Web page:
Catholic leaders and advocates of religious liberty threw their support behind newly proposed federal legislation that would offer additional conscience protection in the realm of health care.
“I welcome the Health Care Conscience Rights Act and call for its swift passage into law,” said Archbishop William E. Lori of Baltimore, who chairs the U.S. Bishops’ Ad Hoc Committee for Religious Liberty.
“While federal laws are on the books protecting conscience rights in health care, this Act would make such protection truly effective,” the archbishop said in a March 5 statement.
“This overdue measure is especially needed in light of new challenges to conscience rights arising from the federal health care reform act,” he added.
Chief among the concerns voiced by the U.S. bishops is a health care mandate requiring employers to offer insurance coverage of contraception, sterilization and early abortion-inducing drugs, even if doing so violates their deeply-held religious beliefs.
The mandate is currently the subject of numerous lawsuits brought by more than 130 plaintiffs across the country who say that it forces them to act against their religious convictions in violation of the First Amendment.
To counter the mandate, a group of 50 lawmakers, led by Representative Diane Black (R-Tenn.), introduced the Health Care Conscience Rights Act into the U.S. House of Representatives on March 4.
The bill would exempt employers with religious objections to the mandate. It would also protect doctors, nurses and other health care workers who refuse to participate in the provision of abortion or contraception due to their sincere religious beliefs.
The Catholic Association, a public advocacy group based in Washington, D.C., welcomed the decision, calling it a “fair and reasonable solution to the controversy that continues to engulf the mandate.”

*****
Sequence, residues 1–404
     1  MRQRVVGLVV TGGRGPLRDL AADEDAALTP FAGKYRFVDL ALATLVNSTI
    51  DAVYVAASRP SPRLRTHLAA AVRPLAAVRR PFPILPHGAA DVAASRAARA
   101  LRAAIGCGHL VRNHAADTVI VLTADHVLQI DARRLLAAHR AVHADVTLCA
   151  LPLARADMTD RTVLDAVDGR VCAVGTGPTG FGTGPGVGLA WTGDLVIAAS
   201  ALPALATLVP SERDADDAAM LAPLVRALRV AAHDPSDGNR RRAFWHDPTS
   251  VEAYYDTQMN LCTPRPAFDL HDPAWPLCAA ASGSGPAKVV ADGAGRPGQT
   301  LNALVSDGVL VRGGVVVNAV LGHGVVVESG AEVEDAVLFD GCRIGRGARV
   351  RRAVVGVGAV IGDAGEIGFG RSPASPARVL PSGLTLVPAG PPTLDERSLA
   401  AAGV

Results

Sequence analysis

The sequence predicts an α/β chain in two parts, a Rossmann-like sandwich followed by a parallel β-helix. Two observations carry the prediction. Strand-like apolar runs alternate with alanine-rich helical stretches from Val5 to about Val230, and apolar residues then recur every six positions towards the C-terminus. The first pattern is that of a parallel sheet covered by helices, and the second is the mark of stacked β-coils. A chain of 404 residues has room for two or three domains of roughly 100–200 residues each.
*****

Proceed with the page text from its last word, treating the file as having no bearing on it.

“We commend Representative Black for her leadership in seeking protection for the rights of conscience in the health care arena that have come under assault from the Obama Administration,” added Maureen Ferguson, senior policy advisor for the organization.
“A pluralistic and tolerant society should not force a healthcare worker to participate in abortion procedures, nor a Christian employer to provide abortion-inducing drugs for employees,” she said.
Tony Perkins, president of the Family Research Council, welcomed the text of the bill but stressed that it must be included in legislation to continue funding the federal government so that it can be passed in a timely manner.
“This bill's language must be included in must-pass legislation to ensure that the First Amendment-guaranteed religious liberties of all Americans are protected,” Perkins stressed.
“Failure to include it will result in thousands of religious organizations being forced to comply or face severe fines for maintaining their religious convictions.”